?

Log in

Movie 33: Rosemary's Baby

33 ROSEMARY'S BABY (US, 1968)
Dir: Roman Polanski
Cast: Mia Farrow, John Cassavetes, Ruth Gordon...



A young couple moves to a new apartment in NYC, next to two strange neighbors.

I watched this with friends on Halloween night, and we all enjoyed it. I love old-fashioned thrillers that leave a lot to the imagination. I found it suspenseful from beginning to end.

4/5

Movie 32: Never Let Me Go

32 NEVER LET ME GO (UK, 2010)
Dir: Mark Romanek
Cast: Carey Mulligan, Keira Knightley, Andrew Garfield...



A love triangle set in a school whose students have a fate that set them apart from other children.

I've never read the book, but already knew quite a bit about the subject matter, which did not in any way undermine the emotional impact of the film. Never Let Me Go is certainly one of these stories that leave a bitter taste in your mouth.

I love Carey Mulligan, and her acting particularly shines in this film. The young actress who plays Muligan's character as a child is also very talented, and the physical resemblance between the two actresses is incredible.

My only criticism is that Andrew Garfield's character lacks depth; his motives were occasionally unclear.

4/5

Movie 31: Lucy

31 LUCY (France, 2014)
Dir: Luc Besson
Cast: Scarlett Johansson, Morgan Freeman, Choi Min-sik...



After an accident that involved being force to work as a drug mule for a Korean drug lord, Lucy is now able to use her full brain capacities.

I never expect anything good from Luc Besson anymore, but I was particularly sad to see a good cast wasted on this nonsense.
Even when willing to ignore the pseudo-science this film is based on, the rest of the plot makes little more sense, and the ending is simply ridiculous. No thanks.

0/5

Book 11: Le Cote de Guermantes

11 LE COTE DE GUERMANTES (Eng. Tr.: THE GUERMANTES WAY) Marcel Proust (France, 1920)

This is the third installement of In Search of Lost Time.



The narrator is now fully a part of Parisian society, where politics and art are discussed in the most fashionable salons.

This third volume is the most political so far, as the Dreyfus Affair is discussed everywhere the narrator goes. The shallowness and hypocrisy of the aristocracy are also starting to reveal themselved to the narrator, who becomes increasingly disappointed with society.

4/5

Movie 30: We Are Still Here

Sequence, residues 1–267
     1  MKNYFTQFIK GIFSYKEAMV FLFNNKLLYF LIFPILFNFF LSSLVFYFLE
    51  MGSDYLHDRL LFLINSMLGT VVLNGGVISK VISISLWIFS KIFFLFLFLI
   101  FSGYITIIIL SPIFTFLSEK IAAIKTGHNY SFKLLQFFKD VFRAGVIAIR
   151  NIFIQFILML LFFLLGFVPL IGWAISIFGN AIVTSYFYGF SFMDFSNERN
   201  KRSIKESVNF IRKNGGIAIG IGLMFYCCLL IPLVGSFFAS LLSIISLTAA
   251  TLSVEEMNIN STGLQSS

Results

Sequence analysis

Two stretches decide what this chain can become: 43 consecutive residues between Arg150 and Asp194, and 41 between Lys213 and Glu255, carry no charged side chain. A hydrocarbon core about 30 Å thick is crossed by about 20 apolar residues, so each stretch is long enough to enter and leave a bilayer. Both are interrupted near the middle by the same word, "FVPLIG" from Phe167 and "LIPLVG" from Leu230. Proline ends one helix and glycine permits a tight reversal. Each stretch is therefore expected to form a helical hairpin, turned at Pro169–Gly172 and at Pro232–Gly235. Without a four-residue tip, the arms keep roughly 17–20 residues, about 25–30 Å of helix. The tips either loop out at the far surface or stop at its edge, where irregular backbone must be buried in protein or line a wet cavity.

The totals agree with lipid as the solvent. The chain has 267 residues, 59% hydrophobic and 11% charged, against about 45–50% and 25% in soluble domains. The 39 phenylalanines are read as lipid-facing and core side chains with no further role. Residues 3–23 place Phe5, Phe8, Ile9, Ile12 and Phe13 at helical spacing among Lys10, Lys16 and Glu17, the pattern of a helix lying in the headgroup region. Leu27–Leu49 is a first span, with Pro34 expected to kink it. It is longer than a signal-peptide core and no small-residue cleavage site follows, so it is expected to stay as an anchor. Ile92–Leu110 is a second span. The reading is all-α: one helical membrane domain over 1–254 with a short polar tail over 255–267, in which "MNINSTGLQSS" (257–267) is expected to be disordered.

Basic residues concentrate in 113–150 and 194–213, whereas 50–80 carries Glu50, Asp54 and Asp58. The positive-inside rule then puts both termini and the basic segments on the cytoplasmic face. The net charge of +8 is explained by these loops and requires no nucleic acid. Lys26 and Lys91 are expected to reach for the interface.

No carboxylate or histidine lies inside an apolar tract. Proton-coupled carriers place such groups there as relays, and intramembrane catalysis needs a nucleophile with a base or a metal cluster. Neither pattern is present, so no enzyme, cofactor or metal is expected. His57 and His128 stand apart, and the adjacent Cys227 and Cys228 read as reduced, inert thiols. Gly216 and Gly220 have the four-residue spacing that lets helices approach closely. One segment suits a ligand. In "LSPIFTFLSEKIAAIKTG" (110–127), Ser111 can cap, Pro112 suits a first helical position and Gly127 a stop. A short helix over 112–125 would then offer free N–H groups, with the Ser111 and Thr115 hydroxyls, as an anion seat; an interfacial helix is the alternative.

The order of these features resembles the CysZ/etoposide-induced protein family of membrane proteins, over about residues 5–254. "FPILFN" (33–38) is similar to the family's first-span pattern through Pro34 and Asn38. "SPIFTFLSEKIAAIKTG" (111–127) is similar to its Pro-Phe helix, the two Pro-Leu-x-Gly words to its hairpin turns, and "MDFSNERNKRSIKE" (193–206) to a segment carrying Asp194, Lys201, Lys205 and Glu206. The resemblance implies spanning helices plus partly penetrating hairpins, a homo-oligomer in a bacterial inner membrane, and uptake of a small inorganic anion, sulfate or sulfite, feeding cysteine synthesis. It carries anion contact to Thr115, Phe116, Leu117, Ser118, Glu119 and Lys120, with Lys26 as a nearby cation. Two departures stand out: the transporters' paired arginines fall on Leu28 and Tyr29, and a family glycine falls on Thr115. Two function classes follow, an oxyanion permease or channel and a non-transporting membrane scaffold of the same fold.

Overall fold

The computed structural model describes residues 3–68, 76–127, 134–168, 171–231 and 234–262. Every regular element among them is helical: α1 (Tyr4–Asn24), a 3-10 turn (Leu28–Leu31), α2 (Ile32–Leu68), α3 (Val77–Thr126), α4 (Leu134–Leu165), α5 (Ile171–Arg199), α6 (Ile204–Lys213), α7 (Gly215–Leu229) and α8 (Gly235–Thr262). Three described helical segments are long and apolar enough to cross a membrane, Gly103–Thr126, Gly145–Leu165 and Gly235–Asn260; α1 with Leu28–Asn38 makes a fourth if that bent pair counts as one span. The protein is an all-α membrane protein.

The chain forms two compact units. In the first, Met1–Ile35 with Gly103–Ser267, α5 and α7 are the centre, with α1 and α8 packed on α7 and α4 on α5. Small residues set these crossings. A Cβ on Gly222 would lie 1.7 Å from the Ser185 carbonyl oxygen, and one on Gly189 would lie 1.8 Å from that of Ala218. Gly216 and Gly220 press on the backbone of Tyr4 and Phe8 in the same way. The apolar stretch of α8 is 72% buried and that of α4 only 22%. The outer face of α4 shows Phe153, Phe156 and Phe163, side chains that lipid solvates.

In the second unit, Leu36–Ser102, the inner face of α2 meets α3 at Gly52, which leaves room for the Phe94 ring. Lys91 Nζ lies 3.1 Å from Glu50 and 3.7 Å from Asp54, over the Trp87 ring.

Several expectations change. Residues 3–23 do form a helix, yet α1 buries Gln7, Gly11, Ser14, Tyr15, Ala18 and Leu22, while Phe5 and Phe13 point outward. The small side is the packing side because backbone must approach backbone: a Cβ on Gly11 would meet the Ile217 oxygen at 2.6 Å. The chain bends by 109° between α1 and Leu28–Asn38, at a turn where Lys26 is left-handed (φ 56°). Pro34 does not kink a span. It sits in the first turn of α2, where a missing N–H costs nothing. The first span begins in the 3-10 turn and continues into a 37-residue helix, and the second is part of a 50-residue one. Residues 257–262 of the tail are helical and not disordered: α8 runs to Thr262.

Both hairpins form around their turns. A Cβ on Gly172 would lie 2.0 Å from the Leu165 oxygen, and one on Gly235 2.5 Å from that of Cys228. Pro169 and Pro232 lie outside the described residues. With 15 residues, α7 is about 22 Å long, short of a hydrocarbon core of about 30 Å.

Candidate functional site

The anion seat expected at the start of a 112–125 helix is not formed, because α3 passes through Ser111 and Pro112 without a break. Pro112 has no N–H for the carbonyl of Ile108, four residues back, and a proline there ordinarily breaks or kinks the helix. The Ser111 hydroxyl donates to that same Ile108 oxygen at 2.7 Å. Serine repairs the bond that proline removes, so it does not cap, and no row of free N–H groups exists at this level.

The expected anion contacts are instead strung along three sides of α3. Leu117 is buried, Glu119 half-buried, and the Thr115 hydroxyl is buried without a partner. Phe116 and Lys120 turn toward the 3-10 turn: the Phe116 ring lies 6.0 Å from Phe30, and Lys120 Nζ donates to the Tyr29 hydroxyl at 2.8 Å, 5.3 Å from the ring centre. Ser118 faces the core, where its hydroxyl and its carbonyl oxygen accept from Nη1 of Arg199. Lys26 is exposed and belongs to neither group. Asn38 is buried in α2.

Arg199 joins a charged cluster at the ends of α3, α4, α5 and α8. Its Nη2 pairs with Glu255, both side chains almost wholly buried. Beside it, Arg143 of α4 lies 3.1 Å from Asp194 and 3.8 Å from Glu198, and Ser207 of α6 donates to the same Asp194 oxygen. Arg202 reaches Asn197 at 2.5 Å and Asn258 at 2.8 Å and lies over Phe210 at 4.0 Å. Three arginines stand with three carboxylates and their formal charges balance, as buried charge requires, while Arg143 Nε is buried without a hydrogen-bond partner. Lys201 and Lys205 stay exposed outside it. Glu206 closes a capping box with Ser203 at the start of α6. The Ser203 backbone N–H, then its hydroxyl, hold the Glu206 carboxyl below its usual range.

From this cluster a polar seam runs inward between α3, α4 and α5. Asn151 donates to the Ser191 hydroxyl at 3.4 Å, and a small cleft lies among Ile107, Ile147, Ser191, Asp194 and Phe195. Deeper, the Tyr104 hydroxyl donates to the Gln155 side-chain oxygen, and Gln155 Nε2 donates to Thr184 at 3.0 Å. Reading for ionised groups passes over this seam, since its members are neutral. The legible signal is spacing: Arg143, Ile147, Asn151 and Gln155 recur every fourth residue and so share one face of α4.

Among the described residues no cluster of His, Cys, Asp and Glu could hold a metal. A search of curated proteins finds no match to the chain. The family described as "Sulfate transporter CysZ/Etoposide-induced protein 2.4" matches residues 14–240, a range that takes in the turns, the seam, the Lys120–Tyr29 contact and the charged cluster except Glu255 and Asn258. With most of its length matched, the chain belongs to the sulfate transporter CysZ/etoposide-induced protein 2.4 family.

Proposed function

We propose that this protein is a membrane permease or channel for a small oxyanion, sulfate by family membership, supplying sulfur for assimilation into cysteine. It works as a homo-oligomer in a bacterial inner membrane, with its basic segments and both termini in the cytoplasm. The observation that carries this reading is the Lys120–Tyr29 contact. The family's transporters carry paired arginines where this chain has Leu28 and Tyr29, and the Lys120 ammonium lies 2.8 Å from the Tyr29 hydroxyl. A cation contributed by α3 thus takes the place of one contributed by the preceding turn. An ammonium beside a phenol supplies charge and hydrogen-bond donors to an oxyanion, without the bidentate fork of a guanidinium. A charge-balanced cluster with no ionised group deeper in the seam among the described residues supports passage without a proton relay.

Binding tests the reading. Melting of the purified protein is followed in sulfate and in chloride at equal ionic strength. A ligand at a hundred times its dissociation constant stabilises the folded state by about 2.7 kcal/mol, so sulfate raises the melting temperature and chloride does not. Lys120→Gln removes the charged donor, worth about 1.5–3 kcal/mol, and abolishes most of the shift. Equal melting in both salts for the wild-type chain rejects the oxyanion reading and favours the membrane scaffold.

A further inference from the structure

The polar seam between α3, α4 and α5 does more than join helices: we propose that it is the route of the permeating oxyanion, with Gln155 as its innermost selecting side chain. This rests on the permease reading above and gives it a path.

30 WE ARE STILL HERE (US, 2015)
Dir: Ted Geoghegan
Cast: Barbara Crampton, Andrew Sensenig, Lisa Marie...



After the death of their son, a couple moves to a new house in a rural town.

This horror movie has remarkably good reviews for its genre, but I don't know how they were justified. The entire film is made of cliches, and the acting is so terrible it's difficult not to laugh.

0/5

Book 10: Lord of the Flies

10 LORD OF THE FLIES William Golding (England, 1954)



Following a plane crash, a group of young boys find themselves on a desert island without any adults.

I'm glad I finally got around to reading this classic. Lord of the Flies is a solid commentary on human instincts, violence, and leadership. While it can be a little tedious to read  an entire novel written the way children speak, Golding's story is powerful precisely because it deals wit children.

3/5

Book 9: Empress Dowager Cixi

9 EMPRESS DOWAGER CIXI: THE CONCUBINE WHO LAUNCHED MODERN CHINA Jung Chang (China, 2013)



A biograpy of the woman who ruled "behind the veil" for decades.

Years ago I read Anchee Min's novels about Cixi, Empress Orchid and The Last Empress, and absolutely adored them. So I felt it was high time for me to read a proper biography.

Jung Chang is the acclaimed author of Wild Swans, but she's been heavily criticized for the controversial arguments in this book. Cixi is traditionally seen as an evil empress whose pride was the cause of many lost battles. Yet Chang sees her as a revolutionary ruler.

As I'm far from being an expert in Chinese history, it is difficult for me to have an opinion about the issue, but after a bit of research on the internet, I realized Chang is not the only researcher who seems to defend her. So are the arguments as controversial as some claim? Not sure.

3/5

Movie 29: Avengers: Age of Ultron

29 AVENGERS: AGE OF ULTRON (US, 2015)
Dir: Joss Whedon
Cast: Robert Downey Jr, Chris Hemsworth, Chris Evans, Scarlett Johansson...



The Avengers are still fighting against whatever it is that they were fighting in previous movies.

This is without a doubt one of the worst super hero movies I've seen. Many of the scenes seem pointless (the one in which they all try to carry Thor's weapon being the worst), and when time is not wasted on turning the movie into The Robert Downey Jr Show, then it's all about Black Widow and Bruce Banner's unconvincing love story, or Hawkeye - yawn - domestic life.
Loki was the most interesting character in the franchise, and when he's gone....
Yuck.

0/5

Book 8: Martian Time-Slip

8 MARTIAN TIME-SLIP Philip K. Dick (US, 1964)



Mental illness in a martian colony.

While this may not be Dick's masterpiece, Martian Time-Slip is certainly one of his most inventive novels. Using the common SF theme of Martian colonization, Dick manages to insert fascinating commentaries on mental illness (which he addresses even more directly than usual) and education.
I thoroughly enjoyed the dark sense of humor.

3/5

Movie 28: Big Eyes

28 BIG EYES (US, 2014)
Dir: Tim Burton
Cast: Amy Adams, Christoph Waltz...



The story of painter Margaret Keane, whose husband took credit for her work for a decade.

This is not Tim Burton's masterpiece, but it was nice to see him work with different actors and a subject outside the universe he's created. I also love Amy Adams and Christoph Waltz, and enjoyed seeing them together in a film.

3/5